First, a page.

We’re just back from a Play conference where hardly anyone played. There were over one hundred sessions, and according to the topics, people talked about play, gave research papers about play, offered strategies for breaking down barriers to play, and suggestions for designing playgrounds for play. But from what I saw in the public spaces, there weren’t too many people actually playing.
What happens when we actually play? In our workshop (or what we would prefer to call, “playshop”) we explored InterPlay tools for multigenerational play. Participants let go of their self-consciousness, and fear of looking foolish (we call this having a willingness to play) and moved into the present moment with a breath and a sigh, a shape and a shake, a laugh and a song.
We noted and experienced the bonding that results from a following and leading game between toddlers and their caregivers, between grandparents and their grandchildren, between people of any age from different cultures. And when we experienced moments of blending, when no one could tell who’s leading and who’s following, we noted these are skills necessary for healthy relationships at any age. We practiced interruption, when the connection is dropped or severed, (scary stuff for our inner child), and experienced reassurance in the reconnection.
A special play expert, a “Playcologist” came to one of our workshops and invited us to stop by his exhibit afterwards. Though it wasn’t easy to find, we persisted through the back dark corner of the convention center. Gary Auerbach’s table was colorful and welcoming, full of inviting toys; hula hoops, scarves for juggling practice, Frisbees (he’s the World Frisbee Champ) and peacock feathers. (You probably didn’t know a feather could be a toy!)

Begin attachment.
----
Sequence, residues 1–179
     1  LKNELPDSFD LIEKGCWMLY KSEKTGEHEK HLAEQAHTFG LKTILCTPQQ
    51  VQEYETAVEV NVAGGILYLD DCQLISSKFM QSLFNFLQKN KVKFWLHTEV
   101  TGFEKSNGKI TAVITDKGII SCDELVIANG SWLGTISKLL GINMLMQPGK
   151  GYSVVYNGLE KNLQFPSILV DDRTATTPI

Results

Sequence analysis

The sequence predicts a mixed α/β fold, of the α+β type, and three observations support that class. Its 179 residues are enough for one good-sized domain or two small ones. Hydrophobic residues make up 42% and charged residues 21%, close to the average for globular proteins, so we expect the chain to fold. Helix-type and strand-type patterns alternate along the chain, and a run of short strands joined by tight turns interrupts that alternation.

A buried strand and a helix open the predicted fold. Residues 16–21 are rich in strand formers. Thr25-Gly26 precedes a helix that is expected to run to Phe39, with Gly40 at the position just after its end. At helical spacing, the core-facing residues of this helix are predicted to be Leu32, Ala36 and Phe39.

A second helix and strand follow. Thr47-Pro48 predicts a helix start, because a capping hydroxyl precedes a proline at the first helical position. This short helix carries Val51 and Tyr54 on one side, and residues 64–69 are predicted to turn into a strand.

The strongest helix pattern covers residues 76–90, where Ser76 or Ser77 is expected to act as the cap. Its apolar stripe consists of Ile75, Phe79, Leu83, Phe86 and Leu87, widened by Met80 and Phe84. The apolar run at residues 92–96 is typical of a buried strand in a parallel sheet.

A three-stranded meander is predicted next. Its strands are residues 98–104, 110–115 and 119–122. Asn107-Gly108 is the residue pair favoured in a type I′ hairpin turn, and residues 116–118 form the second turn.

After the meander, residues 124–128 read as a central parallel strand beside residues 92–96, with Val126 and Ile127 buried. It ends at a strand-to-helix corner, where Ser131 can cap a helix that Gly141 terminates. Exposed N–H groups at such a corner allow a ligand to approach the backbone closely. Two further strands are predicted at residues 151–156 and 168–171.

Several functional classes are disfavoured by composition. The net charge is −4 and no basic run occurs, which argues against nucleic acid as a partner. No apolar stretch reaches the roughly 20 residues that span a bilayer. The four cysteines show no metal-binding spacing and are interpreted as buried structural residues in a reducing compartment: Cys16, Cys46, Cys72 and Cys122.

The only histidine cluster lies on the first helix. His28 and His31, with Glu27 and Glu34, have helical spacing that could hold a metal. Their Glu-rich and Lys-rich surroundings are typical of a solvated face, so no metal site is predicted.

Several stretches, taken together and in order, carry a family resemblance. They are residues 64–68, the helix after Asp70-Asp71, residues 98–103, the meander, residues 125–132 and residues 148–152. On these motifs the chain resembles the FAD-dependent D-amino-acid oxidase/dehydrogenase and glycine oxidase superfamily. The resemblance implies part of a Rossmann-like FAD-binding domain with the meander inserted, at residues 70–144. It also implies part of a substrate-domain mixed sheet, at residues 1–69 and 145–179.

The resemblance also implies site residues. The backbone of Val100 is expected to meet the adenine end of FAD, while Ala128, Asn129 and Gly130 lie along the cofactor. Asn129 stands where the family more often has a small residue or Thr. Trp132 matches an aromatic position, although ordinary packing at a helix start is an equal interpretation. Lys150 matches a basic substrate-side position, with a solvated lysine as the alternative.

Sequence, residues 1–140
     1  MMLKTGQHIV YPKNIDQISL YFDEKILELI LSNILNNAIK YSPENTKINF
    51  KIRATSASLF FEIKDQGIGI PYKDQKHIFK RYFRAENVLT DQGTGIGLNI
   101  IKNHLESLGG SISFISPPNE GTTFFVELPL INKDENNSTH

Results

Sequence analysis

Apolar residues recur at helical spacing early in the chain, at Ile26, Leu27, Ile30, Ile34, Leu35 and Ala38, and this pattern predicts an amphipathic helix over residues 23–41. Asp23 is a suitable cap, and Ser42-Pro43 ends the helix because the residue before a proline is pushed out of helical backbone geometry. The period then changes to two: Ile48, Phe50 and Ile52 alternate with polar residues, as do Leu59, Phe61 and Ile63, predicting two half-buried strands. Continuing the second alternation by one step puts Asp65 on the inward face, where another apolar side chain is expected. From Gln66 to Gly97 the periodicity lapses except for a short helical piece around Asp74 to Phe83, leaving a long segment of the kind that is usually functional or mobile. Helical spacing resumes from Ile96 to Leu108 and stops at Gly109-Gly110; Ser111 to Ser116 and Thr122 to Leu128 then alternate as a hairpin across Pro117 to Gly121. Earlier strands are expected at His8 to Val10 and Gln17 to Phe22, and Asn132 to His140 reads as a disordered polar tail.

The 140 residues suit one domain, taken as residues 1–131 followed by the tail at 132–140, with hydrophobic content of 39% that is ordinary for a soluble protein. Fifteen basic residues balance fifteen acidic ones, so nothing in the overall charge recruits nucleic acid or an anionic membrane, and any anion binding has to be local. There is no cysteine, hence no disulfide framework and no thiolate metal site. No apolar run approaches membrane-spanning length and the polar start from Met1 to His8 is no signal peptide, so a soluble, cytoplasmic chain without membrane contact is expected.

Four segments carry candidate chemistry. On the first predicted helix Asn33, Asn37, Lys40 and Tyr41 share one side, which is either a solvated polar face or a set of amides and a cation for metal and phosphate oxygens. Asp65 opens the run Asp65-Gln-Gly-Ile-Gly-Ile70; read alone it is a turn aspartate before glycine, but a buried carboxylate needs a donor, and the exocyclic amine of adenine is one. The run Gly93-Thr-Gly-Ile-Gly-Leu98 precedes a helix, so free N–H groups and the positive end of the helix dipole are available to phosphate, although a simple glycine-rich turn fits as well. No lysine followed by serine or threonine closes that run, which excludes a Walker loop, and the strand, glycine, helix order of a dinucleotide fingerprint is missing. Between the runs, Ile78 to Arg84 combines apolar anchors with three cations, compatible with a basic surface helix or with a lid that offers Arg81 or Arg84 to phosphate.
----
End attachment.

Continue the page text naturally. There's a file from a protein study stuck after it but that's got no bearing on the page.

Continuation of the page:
“Throw, throw, catch, catch – crisscross, apple sauce.” We practice a cross lateral movement as he teaches us to juggle and I am reminded that this movement is recommended for brain development in children and continued brain activation as we age. Harder and more athletic than it looked, our attempts to juggle generated lots of laughter among this group of “women of a certain age,” as we kept dropping the scarves and stooping to pick them up.
“Now try two scarves in one hand and one in the other; throw, throw, throw, catch.” Just like in Interplay – you start off simply, and then add complexity. And that thrilling sense of gaining mastery isn’t just for kids. We all loved the triumph of becoming able to juggle three scarves at a time. And the peacock feathers – I discovered I had a special skill, easily balancing one on my palm, then on one finger, and (though I didn’t quite master this), balancing the 3 ft. feather on my nose.